*.mod files are
MOD Audio Files, an obscure file format from 1987 that stored instruments and music-related information, which was used to make demos.
What happens now is that Nova also thinks that
*.mod files are media files, not text files; therefore Nova launches an internal media player (I wasn’t even aware that this existed) and tries to open the file inside the media player… which naturally fails. I did not find a way for Nova to ‘ignore’ whatever macOS thinks about the file type and just read it ‘raw’. It’s something I simply cannot edit in Nova!
As it turns out, picking the
*.mod extension is a really, really bad idea. Back in 2015, someone had a real nightmare struggling with having two applications (one of which was VLC) fighting over the claim of that filename extension and set its type. The hacking approach, manually introducing the correct information for that kind of file into an app’s
pinfo.list, might have worked in 2015, but since then you simply cannot change anything inside an app without breaking its signature — and macOS will refuse to launch such an app.
An apparent workaround is to create a new application and try to wrestle away the
.mod extension, claim it as its own, and change the file type. This seems to be a drastic way of fixing what amounts to a ‘simple’ (internal) database change! It should not be that complicated…
I haven’t tried the latter suggestion (yet!), because first I need to understand how Nova handles things on its own side.
I thought that what Nova did was to capture whatever filename extensions are defined as an extension’s filename on its
extension.json file; in other words, I believed that this would be the simplest approach — creating a new Nova extension that claims
.mod files as their own, and propagate that knowledge automatically to the Mac’s Launch Services database. I guess I was just being naïve
I’ve also added the
*.mod extension on all places I could find, such as on the project definitions, even on the FTP settings for ASCII-only files, etc. No luck: Nova still persists in believing that it’s a media file, and refuses to open it outside the built-in media player.
My last option, of course, is to remove VLC — and with that the claim that VLC has over the
.mod extension — and eventually do a Launch Services database reset, do a few reboots, reinstall Nova, etc. until the Launch Services database correctly assigns that extension to Nova (I only wonder if when re-installing VLC again it will ‘steal’ the extension from Nova — I did remove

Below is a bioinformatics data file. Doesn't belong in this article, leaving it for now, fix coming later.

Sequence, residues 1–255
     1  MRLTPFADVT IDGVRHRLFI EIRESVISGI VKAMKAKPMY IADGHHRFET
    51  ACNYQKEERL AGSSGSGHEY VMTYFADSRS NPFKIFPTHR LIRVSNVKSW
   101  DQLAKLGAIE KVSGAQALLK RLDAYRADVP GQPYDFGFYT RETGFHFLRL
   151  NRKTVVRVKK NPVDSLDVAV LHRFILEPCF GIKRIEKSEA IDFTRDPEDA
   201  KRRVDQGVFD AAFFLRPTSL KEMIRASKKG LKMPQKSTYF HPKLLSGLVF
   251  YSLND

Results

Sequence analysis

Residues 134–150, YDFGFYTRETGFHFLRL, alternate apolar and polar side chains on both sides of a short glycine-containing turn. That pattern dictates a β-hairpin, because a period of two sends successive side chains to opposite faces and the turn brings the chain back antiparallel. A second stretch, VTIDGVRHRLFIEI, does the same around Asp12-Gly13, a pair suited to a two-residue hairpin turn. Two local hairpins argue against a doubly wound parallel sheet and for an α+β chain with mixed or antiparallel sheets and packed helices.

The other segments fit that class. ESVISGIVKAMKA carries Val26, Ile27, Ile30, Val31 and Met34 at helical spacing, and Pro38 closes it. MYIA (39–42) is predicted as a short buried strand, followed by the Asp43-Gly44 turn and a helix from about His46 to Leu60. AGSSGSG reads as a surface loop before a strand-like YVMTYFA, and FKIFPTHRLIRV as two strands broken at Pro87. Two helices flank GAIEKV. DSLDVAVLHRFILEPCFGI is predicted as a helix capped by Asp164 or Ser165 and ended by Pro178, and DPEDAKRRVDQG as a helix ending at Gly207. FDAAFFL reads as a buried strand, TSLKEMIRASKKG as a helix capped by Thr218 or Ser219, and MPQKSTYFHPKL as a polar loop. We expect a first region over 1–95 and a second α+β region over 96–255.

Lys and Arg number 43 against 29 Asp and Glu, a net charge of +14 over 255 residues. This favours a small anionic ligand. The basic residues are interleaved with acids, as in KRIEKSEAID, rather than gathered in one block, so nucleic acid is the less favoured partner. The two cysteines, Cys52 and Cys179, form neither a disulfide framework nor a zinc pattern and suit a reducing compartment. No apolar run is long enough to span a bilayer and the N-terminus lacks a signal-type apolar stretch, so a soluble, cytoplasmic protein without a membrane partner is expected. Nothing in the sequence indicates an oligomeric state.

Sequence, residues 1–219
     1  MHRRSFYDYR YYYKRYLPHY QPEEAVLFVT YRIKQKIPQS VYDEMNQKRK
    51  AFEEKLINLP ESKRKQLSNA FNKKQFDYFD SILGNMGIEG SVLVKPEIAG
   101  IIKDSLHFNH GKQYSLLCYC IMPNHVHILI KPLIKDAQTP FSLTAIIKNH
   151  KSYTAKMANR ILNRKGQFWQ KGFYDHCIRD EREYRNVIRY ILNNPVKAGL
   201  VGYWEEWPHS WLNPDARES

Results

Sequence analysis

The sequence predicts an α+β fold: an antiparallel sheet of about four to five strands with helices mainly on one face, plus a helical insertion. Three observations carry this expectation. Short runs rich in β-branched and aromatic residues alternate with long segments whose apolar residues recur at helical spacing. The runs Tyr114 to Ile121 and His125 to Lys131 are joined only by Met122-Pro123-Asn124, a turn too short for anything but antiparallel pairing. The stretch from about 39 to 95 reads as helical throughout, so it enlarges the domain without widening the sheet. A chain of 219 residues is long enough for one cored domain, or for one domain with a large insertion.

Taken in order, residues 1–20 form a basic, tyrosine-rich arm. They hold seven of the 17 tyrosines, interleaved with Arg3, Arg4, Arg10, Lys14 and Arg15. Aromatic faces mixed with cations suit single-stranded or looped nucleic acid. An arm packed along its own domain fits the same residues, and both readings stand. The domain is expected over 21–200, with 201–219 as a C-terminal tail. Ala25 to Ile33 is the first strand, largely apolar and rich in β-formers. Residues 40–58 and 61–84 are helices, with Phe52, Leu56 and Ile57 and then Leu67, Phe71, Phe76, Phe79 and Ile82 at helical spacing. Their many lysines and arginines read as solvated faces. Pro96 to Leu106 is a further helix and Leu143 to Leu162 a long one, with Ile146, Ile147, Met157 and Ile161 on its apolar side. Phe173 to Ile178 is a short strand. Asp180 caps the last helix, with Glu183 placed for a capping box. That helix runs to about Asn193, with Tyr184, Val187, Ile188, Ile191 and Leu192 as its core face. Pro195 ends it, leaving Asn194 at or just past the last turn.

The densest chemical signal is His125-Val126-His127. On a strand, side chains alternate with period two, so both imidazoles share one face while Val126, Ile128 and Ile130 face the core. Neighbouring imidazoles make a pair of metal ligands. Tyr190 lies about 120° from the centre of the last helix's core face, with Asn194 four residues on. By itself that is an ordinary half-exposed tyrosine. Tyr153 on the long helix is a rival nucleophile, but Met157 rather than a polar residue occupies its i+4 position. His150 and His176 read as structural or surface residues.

.mod from the list of extensions that VLC is supposed to register as their own, but that didn’t make any difference, and when reinstalling VLC, I can assume that most of those configuration details will be lost, and VLC will revert to its default, that is, claiming
.mod files). I did not make this experiment — yet — because, well, I need VLC for a few things, and I most certainly don’t want to have it permanently removed just because Nova is unable to open only one type of files!
All right, this is naturally just an example, to give you a taste of what can go wrong with filename extensions; my particular case is not hypothetical, but real, and because so many applications share potential extensions, this will be an ongoing problem. Note that this is not Nova’s ‘fault’, it’s just the way macOS has been designed; it’s also not really VLC’s fault (they do support MOD Audio Files, at a time when there are few applications around which can open these).
- When Nova loads a new extension, which defines a filename extension, will that extension be registered with the Launch Services database automatically, so that it’s assigned to Nova?
- If not, is there a system-wide mechanism to let macOS know which extension is assigned to Nova (and Nova only), i.e. going beyond merely selecting the default application that opens that kind of file?
- Is there any way to manipulate the Launch Services database directly, as opposed to working loops around it, namely, developing a small app just for the purpose of ‘grabbing’ a certain filename extension that has gone ‘rogue’ (i.e. assigned to the wrong application and having the wrong type)? I’m assuming a command-line interface to the Launch Services database (if such a thing exists, since I haven’t been able to find it… all we’ve got is
lsregister, which can do little more than a full database reset…), but a GUI app would suit me just fine.
I guess that’s it